There are several kinds of allomorphy in English noun plurals. The most widespread is the variation in pronunciation of the regular suffix –(e)s, as illustrated in (1). We can attribute it to two phonological process;
(6)      a. assimilation in voicing (/z/ à /s/ after a voiceless segment)
b. insertion of /I/ to break up clusters of alveolar and alveopalatal consonants.

This type of allomorphy is called MORPHOPHONEMICS and is considered to be a part of phonology, since it has to do purely with the interactions of sounds. The two phonological rules in (6) modify /-z/ to produce the other two variants /-s/ and /-iz/. Together , the three forms /-z/, and /-s/ and /-iz/ are the SURFACE FORMS for the plural morpheme. Inflectional spellout rule for noun plurals:








      For example, suppose we want to generate cats, dogs, and roses. The deep structures are as follows:










The rule in (7) applies to produce (syntactic) surface structure:











These are the input to the phonological rules, which modify the terminal nodes to produce the correct (phonological) surface forms.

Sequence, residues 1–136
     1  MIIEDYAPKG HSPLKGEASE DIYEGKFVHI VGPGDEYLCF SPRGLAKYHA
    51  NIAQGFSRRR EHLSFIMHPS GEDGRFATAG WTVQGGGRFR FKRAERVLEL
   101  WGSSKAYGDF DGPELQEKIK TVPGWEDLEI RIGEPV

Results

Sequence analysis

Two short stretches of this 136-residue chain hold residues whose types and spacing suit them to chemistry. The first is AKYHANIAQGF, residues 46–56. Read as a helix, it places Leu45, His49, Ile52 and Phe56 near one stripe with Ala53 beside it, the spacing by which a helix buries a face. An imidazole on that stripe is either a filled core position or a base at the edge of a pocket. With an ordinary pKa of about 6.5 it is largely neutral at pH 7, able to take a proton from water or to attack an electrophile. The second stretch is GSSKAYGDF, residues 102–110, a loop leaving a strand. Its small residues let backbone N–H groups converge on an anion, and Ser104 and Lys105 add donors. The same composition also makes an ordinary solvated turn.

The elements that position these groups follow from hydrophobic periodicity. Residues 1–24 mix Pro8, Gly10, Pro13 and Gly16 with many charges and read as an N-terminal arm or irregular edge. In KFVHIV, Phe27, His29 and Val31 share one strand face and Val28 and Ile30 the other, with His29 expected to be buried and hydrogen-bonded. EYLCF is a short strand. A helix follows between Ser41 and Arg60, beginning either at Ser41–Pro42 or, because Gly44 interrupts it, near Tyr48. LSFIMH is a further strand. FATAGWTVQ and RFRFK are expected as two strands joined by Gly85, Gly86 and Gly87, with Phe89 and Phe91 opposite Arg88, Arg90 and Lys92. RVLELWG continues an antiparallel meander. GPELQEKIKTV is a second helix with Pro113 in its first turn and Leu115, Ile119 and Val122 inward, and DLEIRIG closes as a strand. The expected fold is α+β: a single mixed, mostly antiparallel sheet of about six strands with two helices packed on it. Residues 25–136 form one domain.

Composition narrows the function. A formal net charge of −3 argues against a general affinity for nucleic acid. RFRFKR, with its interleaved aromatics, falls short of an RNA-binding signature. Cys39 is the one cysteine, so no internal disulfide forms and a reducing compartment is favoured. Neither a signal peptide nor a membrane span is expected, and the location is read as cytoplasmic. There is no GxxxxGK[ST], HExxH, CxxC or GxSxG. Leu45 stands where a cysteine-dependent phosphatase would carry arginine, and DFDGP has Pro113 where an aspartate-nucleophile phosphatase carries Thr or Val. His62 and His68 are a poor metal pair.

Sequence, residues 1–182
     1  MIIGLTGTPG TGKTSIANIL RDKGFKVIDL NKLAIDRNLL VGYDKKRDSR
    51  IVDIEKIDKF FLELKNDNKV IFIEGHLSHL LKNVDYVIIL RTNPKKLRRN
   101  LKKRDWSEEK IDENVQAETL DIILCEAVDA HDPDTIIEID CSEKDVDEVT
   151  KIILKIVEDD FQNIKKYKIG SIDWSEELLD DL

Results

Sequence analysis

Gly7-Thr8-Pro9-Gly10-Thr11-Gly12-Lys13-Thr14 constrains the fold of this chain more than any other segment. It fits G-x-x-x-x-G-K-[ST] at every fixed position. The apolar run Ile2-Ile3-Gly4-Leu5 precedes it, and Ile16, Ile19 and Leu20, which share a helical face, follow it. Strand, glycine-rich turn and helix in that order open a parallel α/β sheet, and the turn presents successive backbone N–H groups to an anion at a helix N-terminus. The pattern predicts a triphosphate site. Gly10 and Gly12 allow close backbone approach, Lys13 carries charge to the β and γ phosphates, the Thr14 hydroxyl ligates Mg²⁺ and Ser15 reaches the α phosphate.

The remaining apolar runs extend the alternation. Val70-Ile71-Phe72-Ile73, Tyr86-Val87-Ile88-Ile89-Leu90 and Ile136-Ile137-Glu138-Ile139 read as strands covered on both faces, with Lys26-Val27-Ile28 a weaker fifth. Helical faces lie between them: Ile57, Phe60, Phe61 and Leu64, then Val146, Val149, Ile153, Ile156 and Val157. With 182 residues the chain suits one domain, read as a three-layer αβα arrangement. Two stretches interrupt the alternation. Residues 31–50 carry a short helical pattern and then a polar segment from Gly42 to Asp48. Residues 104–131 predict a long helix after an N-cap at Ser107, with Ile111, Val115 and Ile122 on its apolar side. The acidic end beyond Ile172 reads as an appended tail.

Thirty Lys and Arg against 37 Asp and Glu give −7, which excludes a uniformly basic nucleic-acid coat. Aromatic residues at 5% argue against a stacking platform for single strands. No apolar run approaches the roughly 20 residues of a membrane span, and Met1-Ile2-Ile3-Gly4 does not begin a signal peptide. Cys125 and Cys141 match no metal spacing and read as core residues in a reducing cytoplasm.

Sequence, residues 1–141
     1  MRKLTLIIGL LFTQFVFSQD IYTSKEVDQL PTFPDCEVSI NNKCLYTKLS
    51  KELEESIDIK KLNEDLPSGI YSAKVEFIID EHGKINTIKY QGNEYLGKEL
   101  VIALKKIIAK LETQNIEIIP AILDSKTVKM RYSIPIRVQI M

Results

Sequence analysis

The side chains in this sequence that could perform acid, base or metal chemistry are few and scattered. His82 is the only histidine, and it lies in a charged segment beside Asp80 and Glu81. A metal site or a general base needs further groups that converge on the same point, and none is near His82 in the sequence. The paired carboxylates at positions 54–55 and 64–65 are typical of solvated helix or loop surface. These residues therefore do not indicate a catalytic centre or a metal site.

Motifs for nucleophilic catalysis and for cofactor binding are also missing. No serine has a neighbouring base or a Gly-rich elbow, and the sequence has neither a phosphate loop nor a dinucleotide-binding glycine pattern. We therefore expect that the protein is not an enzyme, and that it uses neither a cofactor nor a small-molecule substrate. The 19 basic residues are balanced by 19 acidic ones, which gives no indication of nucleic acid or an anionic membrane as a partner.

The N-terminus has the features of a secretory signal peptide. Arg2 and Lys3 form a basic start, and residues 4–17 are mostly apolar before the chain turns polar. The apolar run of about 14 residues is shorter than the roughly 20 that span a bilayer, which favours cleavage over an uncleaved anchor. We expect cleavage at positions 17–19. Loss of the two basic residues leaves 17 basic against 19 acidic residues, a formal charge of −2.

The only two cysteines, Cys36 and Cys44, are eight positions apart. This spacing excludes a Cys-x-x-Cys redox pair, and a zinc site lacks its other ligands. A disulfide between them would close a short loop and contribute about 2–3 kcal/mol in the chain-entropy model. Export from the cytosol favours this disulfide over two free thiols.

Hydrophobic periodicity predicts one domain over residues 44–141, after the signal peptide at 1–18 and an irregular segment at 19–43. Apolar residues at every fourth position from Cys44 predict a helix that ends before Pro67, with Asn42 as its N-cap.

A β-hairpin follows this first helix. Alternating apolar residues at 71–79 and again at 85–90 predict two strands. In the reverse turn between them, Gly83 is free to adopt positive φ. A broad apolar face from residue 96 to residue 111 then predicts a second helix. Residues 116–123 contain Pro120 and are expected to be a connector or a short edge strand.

Morphophonemics in derivational morphology
      Morphophonemics occurs with both inflectional and derivational morphology. Let’s look at an example involving derivation. Consider the pairs of adjectives listed in (11)
(11) a. elegant                             inelegant
          Eligible                    ineligible
          Tolerant                  intolerant
          Direct                     indirect 
     &nb
sp;  b. possible                impossible
          perfect                             imperfect
          practical                  impractical
          movable                 immovable
        c. correct                  incorrect
          capable                  incapable
        d. legal                     illegal
          legible                    illegible
          legitimate                illegitimate
        e. reverent                irreverent
          regular                    irregular
          reversible                irreversible